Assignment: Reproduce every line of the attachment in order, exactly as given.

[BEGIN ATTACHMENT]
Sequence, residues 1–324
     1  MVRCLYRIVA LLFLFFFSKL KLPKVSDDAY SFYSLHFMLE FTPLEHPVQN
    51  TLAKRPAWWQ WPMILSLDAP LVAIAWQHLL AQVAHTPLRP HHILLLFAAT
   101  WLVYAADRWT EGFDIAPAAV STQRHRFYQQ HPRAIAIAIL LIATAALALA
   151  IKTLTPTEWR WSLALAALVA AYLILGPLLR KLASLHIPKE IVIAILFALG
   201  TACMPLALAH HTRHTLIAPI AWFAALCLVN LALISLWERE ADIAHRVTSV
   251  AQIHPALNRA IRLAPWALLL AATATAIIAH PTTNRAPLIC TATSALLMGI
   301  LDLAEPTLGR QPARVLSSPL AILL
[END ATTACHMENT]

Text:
Sequence, residues 1–324
     1  MVRCLYRIVA LLFLFFFSKL KLPKVSDDAY SFYSLHFMLE FTPLEHPVQN
    51  TLAKRPAWWQ WPMILSLDAP LVAIAWQHLL AQVAHTPLRP HHILLLFAAT
   101  WLVYAADRWT EGFDIAPAAV STQRHRFYQQ HPRAIAIAIL LIATAALALA
   151  IKTLTPTEWR WSLALAALVA AYLILGPLLR KLASLHIPKE IVIAILFALG
   201  TACMPLALAH HTRHTLIAPI AWFAALCLVN LALISLWERE ADIAHRVTSV
   251  AQIHPALNRA IRLAPWALLL AATATAIIAH PTTNRAPLIC TATSALLMGI
   301  LDLAEPTLGR QPARVLSSPL AILL